Simply put, the baby had aspirated and choked on his own meconium (sterile poop) and now the muck had collected in his lungs causing absolute havoc. He had no intrauterine problems and judging by his weight, he had thrived. He was obviously a precious pregnancy to an aged mother. We put him on 30% of oxygen and IV Fliuids and ran a blood gas. I watched his every breath, praying his breathing would slow down and his chest would stop recessing. I switched all unnecessary machinery off so I could listen to his breathing efforts while I said a silent prayer for the pa02 to be high on the blood gas.

My intern colleague stared at me from across the room and I just knew, he was hypoxic.
“the Pa02 is 7.8 Kpa”.
Sweat dripped into the corner of my mouth, a salty taste I am now quite familiar with.

I cranked the oxygen up to 40% high flow and I watched him further. The silence in the room made his grunting more obvious. I was stressed. I called for an urgent chest x-ray but I knew it wasn’t looking good. Meconium aspiration syndrome is just not something you can bullsh*t around with.
I called my boss and relayed the story. It was a no brainer-Ventilate the baby on bed 4 then try and find a bed in the outlying hospitals,a time consuming chore everyone dreads.

I made a mental note of everything I needed to do in the NICU: ventilate new baby and find an ICU bed somewhere, do PM gases and PM rounds on the babies already ventilated and tackle 3 drips in well baby nursery. My intern colleague joined me and we strategized. She started with the drips and I started with the ventilation.

Now, any new medical officer in the NICU will agree that intubations are scary at first. Taking control of a baby’s airway on your own is daunting. The 100’s of things can that possibly go wrong start popping up in your head and you feel like you’re crossing a minefield in clown shoes. Everything is so miniture and quaint. The laryngoscope blade, the endotracheal tube and ofcourse…. The vocal cords. During my first month of being a medical officer, my intubation success rate was steady at 83%, I threw some statistical figures around to comfort myself, but that 17% failure rate was ever present.

What if I can’t get the tube through the nasal passages? What if the laryngoscope light doesn’t work? What if I can’t find the vocal cords? What if I find the vocal cords and the tube wont go in? What if while im strapping the tube (the hardest part) the tube slips out? What if the tube is in, but too deep and I blow a pneumothorax? What if the hospital burns down before I get the tube in?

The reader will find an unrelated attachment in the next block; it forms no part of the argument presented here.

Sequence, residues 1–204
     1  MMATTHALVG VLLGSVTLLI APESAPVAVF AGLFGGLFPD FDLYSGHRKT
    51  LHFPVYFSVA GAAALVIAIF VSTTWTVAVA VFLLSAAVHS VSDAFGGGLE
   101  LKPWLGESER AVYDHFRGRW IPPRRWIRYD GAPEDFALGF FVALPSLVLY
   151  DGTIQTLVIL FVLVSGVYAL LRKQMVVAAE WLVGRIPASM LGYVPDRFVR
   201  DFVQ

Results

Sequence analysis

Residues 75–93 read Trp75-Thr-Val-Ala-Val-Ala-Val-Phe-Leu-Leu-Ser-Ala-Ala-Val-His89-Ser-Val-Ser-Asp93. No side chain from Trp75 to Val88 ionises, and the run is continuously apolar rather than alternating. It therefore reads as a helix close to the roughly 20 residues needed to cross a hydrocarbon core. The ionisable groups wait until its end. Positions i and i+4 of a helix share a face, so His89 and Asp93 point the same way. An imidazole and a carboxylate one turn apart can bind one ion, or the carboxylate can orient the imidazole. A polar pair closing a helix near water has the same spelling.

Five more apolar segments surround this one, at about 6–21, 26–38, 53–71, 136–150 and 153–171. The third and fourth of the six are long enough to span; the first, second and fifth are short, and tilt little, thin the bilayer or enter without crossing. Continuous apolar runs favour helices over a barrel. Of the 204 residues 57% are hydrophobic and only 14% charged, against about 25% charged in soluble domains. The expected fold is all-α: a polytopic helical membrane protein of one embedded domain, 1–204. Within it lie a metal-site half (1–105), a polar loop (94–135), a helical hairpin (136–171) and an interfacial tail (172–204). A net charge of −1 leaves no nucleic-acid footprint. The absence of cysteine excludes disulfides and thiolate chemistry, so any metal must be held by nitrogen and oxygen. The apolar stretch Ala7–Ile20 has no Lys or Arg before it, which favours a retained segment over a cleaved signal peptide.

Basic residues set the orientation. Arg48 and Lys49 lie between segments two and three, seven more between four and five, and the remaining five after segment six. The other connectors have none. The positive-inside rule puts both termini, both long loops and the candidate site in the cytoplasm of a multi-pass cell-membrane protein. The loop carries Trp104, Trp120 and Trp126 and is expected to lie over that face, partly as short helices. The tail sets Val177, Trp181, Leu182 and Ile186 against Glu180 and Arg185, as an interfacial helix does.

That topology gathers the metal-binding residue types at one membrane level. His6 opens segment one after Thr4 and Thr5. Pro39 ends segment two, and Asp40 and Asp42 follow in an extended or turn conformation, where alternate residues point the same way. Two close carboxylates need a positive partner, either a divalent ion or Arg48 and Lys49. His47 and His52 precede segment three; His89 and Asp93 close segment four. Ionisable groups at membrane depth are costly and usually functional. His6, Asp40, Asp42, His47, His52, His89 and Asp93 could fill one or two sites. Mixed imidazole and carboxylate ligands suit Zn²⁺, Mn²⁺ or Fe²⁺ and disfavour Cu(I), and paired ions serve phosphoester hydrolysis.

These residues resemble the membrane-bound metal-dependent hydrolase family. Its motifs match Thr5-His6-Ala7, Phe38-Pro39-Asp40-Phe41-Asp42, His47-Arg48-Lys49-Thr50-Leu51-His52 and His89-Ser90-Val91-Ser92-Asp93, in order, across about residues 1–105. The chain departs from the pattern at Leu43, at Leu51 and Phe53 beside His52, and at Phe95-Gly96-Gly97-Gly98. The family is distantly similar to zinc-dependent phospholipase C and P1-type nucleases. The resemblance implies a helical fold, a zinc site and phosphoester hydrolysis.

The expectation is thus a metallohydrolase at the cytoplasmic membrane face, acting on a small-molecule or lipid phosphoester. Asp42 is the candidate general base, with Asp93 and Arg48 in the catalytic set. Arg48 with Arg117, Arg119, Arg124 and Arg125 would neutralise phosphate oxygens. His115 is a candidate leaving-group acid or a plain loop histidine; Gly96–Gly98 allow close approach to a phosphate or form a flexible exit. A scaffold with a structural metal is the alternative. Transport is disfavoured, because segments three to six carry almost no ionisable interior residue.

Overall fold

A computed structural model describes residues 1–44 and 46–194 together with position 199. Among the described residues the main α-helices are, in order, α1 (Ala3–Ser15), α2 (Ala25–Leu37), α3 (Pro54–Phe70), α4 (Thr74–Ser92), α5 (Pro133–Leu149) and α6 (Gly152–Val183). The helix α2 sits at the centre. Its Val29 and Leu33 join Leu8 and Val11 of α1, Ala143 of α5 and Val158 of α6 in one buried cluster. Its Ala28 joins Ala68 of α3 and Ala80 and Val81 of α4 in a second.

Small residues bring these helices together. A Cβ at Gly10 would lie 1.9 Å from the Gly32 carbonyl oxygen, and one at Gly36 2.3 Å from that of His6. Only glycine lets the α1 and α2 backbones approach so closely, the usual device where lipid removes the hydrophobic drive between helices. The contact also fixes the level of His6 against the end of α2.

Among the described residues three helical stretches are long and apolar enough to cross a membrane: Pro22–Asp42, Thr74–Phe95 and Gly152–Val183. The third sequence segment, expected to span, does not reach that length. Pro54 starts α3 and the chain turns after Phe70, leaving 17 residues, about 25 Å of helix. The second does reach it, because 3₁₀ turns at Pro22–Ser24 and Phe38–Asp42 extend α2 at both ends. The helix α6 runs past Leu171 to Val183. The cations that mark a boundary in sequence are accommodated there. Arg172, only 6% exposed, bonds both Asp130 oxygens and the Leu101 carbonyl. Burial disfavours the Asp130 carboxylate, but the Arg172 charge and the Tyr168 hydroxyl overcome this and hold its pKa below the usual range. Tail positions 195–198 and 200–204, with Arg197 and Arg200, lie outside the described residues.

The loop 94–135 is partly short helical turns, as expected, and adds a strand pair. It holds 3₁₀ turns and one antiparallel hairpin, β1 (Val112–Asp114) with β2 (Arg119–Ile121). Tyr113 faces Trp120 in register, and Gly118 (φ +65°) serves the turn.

I shoved these doubts aside and found the precious cords fluttering, I used the McGills forceps and gently slid the tube into the chords. The moment of truth- I looked at the monitor while I neo-puffed…57…54…oh no…60…wait….63…maybe, just maybe… 68…69…my heart was pounding… 76…81….84….88….92…..95….. I felt a wave of relief the pressure around me slowly dissolved.

I realised I still needed to find a bed for this baby. I started the tedious job of calling 6 outside hospitals and prepared my generic speech. After an hour of calling and begging, a bed was found. (RKK to the rescue). I called EMRS and obviously, no ambulances were available. Grayyyt! I called the control room and spoke to the supervisor. My frustration was building. I made 9 calls looking for advanced life support teams, there were none. Eventually, They assured me the baby could be airlifted with a helicopter. Choppers always excite me, my frustration was over.

I started my PM gases and reviews. Out of the corner of my left eye, I saw someone in green theatre garb moving around, that meant a new baby. My pulse was up again. I rushed to the receiving area and found a two-for-one special ie. Twins, In respiratory distress. My blood pressure shot up. I cursed my bad juju which always showed up in the worst of times.

Premature twins at 800g and 900g both staring at me in severe respiratory distress. I stared back at them.
Where am I going to put them? theres no bed space. I started scouting high care for potential movers. Room air babies and fatties were at the top of my list. I moved 2 to well-baby nursery to make space for the twins.
They may need in-and-out surfactant, a substance to help the lung expand better. This meant 2 more intubations and alot of my time.
I crossed my fingers and toes for added luck.
We did the relevant investigations and consulted with the boss. Surfactant and CPAP. I hoped that would be enough.